If your environment is built on AWS, chances are likely that you have utilized AWS CloudWatch metrics. We’ve long offered support for standard CloudWatch metrics (and improved upon them in some cases with more frequent data cycles and additional computations), but now we’re taking it one step further. Today, we’re proud to introduce support for Custom CloudWatch Metrics.
Cloudwatch custom metrics can be configured to include virtually anything: from user or session data that exists outside AWS, to business metrics such as purchase size or frequency. And if you previously used CloudWatch as your sole monitoring solution, your custom metrics might include disk and memory metrics for other technologies as well. Metricly offers direct integrations for Amazon services and other stack components like Linux and Docker, but with this new option, users can choose to send data to Metricly via AWS custom metrics.
Monitoring for serverless applications like Lambda functions is a common CloudWatch custom metrics use case.
With custom metrics, it’s possible to fully instrument your Lambda functions with nothing more than the AWS SDK , as opposed to bringing a separate SDK for your monitoring solution into your Lambda function.
To start collecting custom metrics, users simply need to start sending custom data into CloudWatch , and connect to Metricly via our new Custom CloudWatch integration. Once connected, the data will appear in Metricly, with the same names and groupings as within the CloudWatch platform. Each CloudWatch Namespace will become its own element, with all of its corresponding metrics. Any new metrics added to the Namespace will appear as a part of that element in Metricly.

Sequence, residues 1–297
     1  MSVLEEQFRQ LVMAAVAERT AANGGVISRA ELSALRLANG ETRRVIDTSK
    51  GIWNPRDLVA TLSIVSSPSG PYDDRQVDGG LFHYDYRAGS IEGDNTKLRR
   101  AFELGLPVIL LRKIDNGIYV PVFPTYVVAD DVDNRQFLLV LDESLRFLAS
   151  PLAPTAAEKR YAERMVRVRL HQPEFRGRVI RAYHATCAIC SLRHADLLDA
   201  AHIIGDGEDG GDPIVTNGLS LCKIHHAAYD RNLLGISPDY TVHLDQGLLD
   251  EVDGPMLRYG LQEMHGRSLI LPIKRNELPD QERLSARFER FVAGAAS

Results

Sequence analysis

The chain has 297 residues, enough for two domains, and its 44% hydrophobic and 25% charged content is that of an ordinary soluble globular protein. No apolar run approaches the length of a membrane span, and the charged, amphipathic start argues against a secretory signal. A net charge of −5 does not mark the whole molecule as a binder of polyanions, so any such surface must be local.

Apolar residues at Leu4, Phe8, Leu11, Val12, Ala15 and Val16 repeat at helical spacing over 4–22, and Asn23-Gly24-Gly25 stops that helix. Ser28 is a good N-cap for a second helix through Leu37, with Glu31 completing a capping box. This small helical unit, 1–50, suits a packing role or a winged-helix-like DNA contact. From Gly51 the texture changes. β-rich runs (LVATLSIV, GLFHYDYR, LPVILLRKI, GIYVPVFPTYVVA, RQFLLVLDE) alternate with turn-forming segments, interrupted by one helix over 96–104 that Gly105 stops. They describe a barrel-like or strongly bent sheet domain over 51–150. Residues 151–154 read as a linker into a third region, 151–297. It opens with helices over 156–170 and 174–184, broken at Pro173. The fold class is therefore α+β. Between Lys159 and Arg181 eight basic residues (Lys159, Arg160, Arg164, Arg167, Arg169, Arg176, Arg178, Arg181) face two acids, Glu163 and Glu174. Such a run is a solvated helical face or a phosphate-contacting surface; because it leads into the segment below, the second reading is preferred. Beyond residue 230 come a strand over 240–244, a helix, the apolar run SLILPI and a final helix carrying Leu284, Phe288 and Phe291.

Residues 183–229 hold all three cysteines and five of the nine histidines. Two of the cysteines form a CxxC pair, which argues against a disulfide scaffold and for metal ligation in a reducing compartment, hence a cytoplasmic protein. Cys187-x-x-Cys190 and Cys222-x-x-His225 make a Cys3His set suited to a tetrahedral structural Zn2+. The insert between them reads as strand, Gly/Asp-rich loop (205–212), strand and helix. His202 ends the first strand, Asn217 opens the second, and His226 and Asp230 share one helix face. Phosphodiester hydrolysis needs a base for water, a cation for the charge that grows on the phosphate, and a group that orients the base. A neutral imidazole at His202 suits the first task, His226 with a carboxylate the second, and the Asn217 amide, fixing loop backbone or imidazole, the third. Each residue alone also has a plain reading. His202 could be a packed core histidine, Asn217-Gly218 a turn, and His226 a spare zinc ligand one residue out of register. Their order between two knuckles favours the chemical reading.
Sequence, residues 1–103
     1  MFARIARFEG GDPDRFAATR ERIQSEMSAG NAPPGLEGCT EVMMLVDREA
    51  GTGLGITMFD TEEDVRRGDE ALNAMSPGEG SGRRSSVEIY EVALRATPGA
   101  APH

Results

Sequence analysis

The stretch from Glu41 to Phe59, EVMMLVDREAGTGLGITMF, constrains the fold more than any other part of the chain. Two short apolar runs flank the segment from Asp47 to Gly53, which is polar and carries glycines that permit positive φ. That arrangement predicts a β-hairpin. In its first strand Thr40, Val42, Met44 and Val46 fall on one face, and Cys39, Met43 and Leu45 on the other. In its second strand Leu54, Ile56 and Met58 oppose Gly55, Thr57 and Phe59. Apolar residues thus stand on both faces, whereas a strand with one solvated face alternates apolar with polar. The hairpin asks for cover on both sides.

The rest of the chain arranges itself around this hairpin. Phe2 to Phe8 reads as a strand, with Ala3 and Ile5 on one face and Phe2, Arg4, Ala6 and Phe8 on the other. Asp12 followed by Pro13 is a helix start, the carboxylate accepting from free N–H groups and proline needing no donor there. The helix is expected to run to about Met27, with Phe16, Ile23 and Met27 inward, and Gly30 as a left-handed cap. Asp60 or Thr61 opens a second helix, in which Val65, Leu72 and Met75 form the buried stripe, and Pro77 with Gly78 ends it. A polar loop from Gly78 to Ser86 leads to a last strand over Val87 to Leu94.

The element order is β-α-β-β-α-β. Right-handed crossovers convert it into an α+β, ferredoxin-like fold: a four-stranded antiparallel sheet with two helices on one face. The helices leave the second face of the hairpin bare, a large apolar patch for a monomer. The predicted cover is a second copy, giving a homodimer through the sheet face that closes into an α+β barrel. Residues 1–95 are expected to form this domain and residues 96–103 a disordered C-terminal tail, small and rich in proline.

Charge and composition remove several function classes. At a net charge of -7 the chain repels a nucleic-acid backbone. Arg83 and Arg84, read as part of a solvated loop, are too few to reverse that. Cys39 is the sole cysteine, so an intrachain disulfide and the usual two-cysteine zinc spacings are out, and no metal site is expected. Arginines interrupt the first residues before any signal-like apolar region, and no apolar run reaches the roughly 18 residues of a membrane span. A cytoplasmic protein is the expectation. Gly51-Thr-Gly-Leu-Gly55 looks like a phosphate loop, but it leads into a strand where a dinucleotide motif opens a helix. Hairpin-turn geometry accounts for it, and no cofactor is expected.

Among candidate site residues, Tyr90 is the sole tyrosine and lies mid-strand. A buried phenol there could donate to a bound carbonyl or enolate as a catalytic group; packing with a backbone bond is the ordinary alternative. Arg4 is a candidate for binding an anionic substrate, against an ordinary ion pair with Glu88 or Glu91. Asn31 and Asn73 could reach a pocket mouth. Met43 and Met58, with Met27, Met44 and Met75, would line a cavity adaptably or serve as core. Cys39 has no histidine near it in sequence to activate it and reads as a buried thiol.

Custom CloudWatch elements appear in the Inventory Explorer just as any other element would, and the corresponding metrics appear in the Metric Explorer. As with all of our metrics, Metricly learns the normal behavior of custom CloudWatch metrics and creates bands of normalcy to help identify true anomalies.
Alerting is also available for custom CloudWatch metrics via Metricly’s custom policy feature – and multi-criteria policy creation even offers alerting based on more than one custom CloudWatch metric. If you’re using custom metrics in an e-commerce setting, for instance, a policy may compare number of payment failures for transactions with performance metrics for the payment processing server. This could help determine if a server issue is causing transaction failure, or if another factor is at fault.
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